Hardy: Fascinating. Hereditary factors as abstract as any numbers I ever worked with. Do go on. What would be an example of the connection between the factors and ratios?
Yule: Suppose there were two peas that each contained one tall and one short factor. Let's designate the tall factor as 'T' and the short factor as 't'. Remember that T masks the expression of t. Only when a pea plant has the makeup of tt will it be short. Both TT and Tt will be tall. Remember also that each plant donates one factor to the next generation by way of its gametes. So if we cross two plants that are Tt, 1/4 of the plants will be TT, 1/4 will be tt and 1/2 will be Tt.
Hardy: [Becoming interested.] Of course! A practical demonstration of the expansion of a binomial. How interesting, even if practical. So, if I understand you correctly, a cross of two of these plants that are Tt will result in a ratio among the offspring of 3 tall to 1 short. Did he actually get that?
Yule: Virtually every time! The results are really quite consistent with his hypothesis, I must say. But there lies the problem that I have discovered. The very existence of this 3:1 ratio banishes any thought of this theory being of any importance in nature!
Hardy: You will have to explain that to me. I'm afraid I don't quite follow you.
Yule: Any naturalist knows that the abundance of different forms in nature virtually never displays itself as a 3:1 ratio. Collect shells, birds, insects or plants and you will certainly find alternate traits in color, size or form. But it is ever so rare to see these traits in the ratio of 3 to 1. [The next statement is said with considerable pride.] For that reason, I conclude ó and that was the substance of my talk at this meeting ó that Mendelian genetics is of little importance in nature!
Hardy: [In an embarrassed manner.] Your talk? You've made this point out loudóin public?
Yule: [Hesitating and suddenly unsure of himself.] Certainly. After all, when one makes an important discovery in science, one is obligated to report it to the community. But why this startled look on your face, Professor Hardy?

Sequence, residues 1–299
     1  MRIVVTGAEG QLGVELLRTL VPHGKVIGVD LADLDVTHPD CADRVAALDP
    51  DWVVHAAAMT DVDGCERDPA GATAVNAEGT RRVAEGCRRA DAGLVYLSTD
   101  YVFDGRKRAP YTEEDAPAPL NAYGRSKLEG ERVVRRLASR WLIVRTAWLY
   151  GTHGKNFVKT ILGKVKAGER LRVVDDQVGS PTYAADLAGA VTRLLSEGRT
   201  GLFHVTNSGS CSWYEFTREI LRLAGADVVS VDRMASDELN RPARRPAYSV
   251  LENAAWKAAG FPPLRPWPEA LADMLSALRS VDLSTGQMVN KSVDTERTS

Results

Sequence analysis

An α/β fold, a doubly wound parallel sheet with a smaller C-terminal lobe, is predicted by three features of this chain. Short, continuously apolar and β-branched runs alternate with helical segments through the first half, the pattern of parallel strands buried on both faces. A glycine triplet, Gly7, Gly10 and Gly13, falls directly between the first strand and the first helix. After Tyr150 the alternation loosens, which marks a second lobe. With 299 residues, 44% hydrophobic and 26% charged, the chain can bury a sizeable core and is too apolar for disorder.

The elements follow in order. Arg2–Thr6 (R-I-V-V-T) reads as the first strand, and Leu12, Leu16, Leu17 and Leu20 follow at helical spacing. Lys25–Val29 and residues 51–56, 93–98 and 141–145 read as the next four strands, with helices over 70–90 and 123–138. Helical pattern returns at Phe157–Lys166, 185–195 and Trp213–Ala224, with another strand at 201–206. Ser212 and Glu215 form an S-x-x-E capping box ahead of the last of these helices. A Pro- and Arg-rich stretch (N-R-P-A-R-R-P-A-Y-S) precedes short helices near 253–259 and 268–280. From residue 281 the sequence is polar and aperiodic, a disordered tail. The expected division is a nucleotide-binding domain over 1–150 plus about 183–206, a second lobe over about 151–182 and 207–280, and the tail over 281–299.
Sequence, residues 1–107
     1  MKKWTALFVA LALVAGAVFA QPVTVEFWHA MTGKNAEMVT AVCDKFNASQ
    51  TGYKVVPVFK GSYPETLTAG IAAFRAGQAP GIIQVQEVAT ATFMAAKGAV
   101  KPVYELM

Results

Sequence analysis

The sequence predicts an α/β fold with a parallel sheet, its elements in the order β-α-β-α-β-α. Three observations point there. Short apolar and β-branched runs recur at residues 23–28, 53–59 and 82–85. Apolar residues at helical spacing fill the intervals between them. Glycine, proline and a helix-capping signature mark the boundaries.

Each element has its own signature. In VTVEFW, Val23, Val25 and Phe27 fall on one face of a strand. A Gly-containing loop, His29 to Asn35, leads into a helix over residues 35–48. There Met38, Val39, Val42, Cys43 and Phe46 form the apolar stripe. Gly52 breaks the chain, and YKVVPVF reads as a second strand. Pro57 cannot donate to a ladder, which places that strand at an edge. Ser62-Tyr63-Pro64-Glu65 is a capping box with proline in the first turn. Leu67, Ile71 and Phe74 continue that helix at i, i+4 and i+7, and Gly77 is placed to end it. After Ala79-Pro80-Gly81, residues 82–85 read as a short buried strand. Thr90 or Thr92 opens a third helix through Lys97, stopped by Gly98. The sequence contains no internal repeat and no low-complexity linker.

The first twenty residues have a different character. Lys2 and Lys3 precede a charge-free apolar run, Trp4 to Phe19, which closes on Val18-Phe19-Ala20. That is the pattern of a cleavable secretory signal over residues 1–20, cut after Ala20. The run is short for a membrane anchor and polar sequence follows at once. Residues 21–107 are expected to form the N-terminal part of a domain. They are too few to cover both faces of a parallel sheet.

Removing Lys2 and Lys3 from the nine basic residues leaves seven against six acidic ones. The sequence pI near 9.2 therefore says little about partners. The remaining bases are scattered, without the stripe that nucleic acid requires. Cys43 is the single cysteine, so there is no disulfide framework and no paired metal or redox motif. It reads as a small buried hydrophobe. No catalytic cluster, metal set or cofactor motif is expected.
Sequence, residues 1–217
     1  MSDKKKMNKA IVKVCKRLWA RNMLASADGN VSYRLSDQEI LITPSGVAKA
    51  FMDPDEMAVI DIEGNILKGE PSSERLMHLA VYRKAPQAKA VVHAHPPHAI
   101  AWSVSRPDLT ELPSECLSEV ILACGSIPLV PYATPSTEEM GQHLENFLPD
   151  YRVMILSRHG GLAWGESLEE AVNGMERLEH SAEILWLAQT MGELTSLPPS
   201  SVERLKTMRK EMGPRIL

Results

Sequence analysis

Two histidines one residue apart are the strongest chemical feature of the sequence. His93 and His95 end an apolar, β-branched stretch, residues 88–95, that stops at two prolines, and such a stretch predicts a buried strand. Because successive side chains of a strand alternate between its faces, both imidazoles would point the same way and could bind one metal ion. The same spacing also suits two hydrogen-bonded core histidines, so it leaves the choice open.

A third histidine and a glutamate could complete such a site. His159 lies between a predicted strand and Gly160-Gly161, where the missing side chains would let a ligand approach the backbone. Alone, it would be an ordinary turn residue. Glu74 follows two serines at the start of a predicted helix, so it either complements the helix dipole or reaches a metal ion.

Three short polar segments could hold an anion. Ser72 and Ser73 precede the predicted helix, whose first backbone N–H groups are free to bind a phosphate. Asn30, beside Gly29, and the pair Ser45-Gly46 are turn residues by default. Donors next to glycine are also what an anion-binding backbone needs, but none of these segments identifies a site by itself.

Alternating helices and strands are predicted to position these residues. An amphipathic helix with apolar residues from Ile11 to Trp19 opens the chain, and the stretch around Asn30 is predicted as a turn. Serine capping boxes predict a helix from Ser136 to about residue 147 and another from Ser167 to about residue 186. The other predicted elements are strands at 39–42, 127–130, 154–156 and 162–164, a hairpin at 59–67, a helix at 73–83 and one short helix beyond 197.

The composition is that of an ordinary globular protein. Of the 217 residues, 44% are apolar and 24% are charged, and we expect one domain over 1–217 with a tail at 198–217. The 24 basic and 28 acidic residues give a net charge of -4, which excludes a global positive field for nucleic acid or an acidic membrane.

Hardy: Professor Yule, I'm afraid you've overlooked an important aspect of the problem. I can't be positive, of course, since I have only just now heard you describe the issues. But it seems to me that the very binomial expansion that is at the root of the ratios Mendel got will show that you are quite wrong about what is expected in nature.
Yule: Oh dear. And I was so sure....
Hardy: [Now completely absorbed in what he is saying.] It all seems to me to depend on what you start out with. Mendel was doing controlled crosses I presume, and he always started with Tt individuals in the cross we have been discussing. But nature need not be like that at all. [He takes out a pen and begins to write on a napkin.]
What would be an example of a ratio in humans, for example, that is far from your expected 3:1?
Yule: Well, a good example would be brachydactyly, a condition of the digits, which is dominant yet quite rare. I imagine there might be 1 brachydactylous person in every 10,000.
Hardy: Quite. Suppose that A is brachydactyly and a normal, and that we start from a population of pure brachydactylous and pure normal persons in this ratio of 1:10,000. (I use the word 'pure' because this is 1908. In the future people will say 'homozygous.') What will be the frequency of AA, Aa and aa in such a population?
Yule: [Answers the question.]
Hardy: All right, now suppose that the numbers are fairly large, so that mating may be regarded as random, that the sexes are evenly distributed among the possible genotypes and that all are equally fertile. When mating happens, what will be the frequency of A and a among the gametes?
Yule: [Answers the question.]